Critter Living in the Attic – Do Animals Hibernate in Attics?
Critter Living in the Attic is a commonly thought that homeowners face when hearing noises above the ceiling, especially bedrooms. Bedrooms are the most common areas that people complain about noises in the attic as the majority of nuisance wildlife are nocturnal (most active during the night, rest during the day) and unless you’re working 3rd shift, you are trying to sleep during the night (diurnal characteristics) when these animal pests are most active. If you are hearing sounds from above, greater than 90% of the time it is a Critter Living in the Attic. The other 10% of the time it is due to normal house sounds such as siding expanding and contracting or the house settling. Sometimes it can even be a loose cable wire hitting the roof or the side of the home during windy conditions. Here at Barnes Wildlife Control we have seen or heard almost all scenarios, and that knowledge is key when investing complaints of a Critter Living in the Attic.
Do Animals Hibernate in Attics?
During the winter months, many critters such as bats, raccoons, and squirrels start to slow down their activity and prepare for a long drawn out period of cold weather and lack of food and water. Some of the animals go into a state of Torpor, a form of hibernation, and other semi-hibernate where they rest without moving for several weeks at a time. Full hibernation is when an animal slows its heart rate, breathing, lowers its body temperature, and sleeps for the entire winter season. Living off of its fat reserves that were built up all spring and summer. Some of Ohio’s animals that fully hibernate are groundhogs and bats. Semi- hibernation is when an animal, on particularly cold spells, will slow down its heart rate, breathing, lower body temperature and sleep for a few days at a time. Awaking just long enough to eat any food they have have stored, get a drink and relieve themselves before going back to sleep until the weather breaks. Animals in Ohio that semi-hibernate include raccoons, skunks, and chipmunks. Many native animals hibernate, or semi-hibernate during Ohio’s winter season including groundhogs, chipmunks, raccoons, and bats.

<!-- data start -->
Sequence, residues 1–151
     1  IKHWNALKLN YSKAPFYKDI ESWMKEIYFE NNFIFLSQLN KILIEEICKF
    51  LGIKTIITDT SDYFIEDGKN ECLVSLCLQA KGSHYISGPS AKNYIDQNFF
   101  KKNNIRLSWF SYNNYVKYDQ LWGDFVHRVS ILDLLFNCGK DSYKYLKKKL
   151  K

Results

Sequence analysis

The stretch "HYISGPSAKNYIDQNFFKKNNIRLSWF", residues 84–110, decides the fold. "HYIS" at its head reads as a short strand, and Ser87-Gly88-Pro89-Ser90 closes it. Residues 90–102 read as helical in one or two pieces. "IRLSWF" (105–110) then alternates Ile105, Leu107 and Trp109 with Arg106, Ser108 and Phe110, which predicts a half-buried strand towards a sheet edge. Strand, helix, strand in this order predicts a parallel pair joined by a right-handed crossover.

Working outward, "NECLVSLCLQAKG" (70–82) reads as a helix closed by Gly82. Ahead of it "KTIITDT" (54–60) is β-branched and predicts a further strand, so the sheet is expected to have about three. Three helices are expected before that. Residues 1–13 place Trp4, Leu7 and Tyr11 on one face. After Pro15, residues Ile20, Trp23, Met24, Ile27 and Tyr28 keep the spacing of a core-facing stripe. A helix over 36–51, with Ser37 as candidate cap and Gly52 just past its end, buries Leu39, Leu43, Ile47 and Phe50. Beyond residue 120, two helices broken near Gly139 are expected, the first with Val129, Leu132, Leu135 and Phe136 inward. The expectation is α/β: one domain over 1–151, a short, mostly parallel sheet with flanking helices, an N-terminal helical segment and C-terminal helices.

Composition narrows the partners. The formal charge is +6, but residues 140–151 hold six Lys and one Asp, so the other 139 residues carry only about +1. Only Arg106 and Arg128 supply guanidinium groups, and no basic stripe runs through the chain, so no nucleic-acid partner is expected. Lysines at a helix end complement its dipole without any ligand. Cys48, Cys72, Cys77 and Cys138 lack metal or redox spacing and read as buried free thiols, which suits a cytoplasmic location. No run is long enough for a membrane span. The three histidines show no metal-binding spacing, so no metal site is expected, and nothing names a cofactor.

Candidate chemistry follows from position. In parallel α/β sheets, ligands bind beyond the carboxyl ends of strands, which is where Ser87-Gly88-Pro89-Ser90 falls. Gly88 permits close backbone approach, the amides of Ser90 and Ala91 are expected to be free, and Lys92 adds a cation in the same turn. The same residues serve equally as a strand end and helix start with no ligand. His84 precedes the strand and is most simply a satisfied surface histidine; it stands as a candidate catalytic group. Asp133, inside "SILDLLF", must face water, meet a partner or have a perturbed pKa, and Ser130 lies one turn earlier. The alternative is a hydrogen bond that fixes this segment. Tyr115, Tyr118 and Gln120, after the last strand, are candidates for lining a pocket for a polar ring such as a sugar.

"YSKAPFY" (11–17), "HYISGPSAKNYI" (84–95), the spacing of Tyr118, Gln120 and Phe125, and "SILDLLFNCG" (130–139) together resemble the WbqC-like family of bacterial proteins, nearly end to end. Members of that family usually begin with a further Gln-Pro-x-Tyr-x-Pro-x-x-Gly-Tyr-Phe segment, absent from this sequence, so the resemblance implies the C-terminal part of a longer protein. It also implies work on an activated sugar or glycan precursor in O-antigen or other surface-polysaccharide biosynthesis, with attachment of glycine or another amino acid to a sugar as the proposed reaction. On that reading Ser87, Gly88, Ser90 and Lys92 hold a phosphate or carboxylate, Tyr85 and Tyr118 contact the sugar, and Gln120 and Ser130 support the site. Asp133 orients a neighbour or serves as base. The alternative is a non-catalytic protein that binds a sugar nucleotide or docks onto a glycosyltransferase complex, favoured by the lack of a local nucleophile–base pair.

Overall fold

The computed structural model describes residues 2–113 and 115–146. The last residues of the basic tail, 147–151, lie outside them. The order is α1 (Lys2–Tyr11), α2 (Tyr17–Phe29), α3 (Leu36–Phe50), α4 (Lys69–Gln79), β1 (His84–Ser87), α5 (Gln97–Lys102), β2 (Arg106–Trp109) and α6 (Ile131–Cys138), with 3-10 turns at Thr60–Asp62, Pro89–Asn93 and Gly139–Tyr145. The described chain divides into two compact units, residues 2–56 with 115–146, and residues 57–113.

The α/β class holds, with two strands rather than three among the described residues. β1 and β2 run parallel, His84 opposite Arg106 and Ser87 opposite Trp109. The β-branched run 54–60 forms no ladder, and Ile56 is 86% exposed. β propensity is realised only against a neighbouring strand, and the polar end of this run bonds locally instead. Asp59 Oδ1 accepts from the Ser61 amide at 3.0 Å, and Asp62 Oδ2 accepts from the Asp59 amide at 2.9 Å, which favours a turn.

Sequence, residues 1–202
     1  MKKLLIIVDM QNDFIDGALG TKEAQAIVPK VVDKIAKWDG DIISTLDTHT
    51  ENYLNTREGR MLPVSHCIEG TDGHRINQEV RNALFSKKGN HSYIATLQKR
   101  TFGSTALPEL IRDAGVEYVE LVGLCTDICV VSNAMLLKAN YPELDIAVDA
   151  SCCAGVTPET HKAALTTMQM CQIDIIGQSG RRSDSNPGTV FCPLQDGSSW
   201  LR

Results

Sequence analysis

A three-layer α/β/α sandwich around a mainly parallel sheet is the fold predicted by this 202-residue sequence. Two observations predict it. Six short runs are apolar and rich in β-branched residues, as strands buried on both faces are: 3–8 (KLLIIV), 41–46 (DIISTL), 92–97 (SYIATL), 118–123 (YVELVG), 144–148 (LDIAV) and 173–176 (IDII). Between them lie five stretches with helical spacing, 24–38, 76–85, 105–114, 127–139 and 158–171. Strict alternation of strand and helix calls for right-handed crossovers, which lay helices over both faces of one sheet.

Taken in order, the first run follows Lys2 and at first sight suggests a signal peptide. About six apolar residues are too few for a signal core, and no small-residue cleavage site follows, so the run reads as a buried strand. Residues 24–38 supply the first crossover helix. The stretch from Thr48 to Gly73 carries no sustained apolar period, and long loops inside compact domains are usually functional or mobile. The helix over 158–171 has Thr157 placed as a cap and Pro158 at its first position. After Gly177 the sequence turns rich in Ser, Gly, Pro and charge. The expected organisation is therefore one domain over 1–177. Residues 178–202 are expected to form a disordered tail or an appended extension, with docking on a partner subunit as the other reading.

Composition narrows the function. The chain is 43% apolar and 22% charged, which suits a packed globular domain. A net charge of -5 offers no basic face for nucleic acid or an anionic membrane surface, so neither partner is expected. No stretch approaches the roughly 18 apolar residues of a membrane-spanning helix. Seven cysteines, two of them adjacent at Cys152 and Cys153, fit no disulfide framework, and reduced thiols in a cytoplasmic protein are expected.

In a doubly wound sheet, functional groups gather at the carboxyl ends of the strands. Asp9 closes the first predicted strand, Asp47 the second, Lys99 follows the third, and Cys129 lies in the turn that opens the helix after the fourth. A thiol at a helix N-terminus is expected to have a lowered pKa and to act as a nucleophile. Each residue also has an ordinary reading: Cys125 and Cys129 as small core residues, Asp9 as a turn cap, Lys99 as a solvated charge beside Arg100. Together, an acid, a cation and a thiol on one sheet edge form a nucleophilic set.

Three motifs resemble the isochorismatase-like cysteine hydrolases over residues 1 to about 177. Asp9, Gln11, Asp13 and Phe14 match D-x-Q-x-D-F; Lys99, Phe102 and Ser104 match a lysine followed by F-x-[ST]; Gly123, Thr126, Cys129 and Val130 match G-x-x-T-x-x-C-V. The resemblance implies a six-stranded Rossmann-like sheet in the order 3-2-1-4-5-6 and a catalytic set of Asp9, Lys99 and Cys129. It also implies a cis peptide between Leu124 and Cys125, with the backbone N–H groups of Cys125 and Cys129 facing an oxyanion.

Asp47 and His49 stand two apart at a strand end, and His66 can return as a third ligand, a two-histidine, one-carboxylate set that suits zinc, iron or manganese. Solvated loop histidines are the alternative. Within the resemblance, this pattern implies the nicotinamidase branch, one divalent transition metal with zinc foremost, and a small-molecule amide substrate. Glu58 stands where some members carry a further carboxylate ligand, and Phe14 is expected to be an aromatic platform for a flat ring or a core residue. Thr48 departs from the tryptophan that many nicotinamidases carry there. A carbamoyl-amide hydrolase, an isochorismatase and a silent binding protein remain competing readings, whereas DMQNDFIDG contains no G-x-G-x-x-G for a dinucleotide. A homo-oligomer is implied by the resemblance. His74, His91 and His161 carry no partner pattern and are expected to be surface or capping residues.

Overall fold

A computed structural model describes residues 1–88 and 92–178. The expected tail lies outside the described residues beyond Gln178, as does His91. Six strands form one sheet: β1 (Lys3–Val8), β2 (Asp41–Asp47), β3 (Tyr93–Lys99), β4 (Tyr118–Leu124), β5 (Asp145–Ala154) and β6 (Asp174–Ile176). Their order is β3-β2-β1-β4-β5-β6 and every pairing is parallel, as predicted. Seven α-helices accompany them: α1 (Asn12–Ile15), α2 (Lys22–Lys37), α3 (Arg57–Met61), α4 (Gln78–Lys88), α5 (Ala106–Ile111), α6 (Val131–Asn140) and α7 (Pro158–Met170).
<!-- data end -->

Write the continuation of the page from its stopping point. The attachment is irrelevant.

There are 2 major animal behaviors to expect when animals come out of hibernation in Southwest Ohio. The 1st is feeding heavily to restore their energy levels and weight and the 2nd is mating to start the next batch of animal varmints to terrorize your home and become another Critter Living in the Attic.
Ohio Wildlife Are Getting Into Full Swing Of The Breeding Season
Pretty soon we will be seeing a lot of animals with their offspring out and about. Although the young ones are extremely cute, they can cause a laundry list of problems for homeowners. Many homeowners attempt to deal with these animals themselves, which if done incorrectly can only compound the problems. If you suspect animals have taken residence in or around your home, call a reputable, licensed wildlife control company to humanely and effectively remove the animals and any offspring.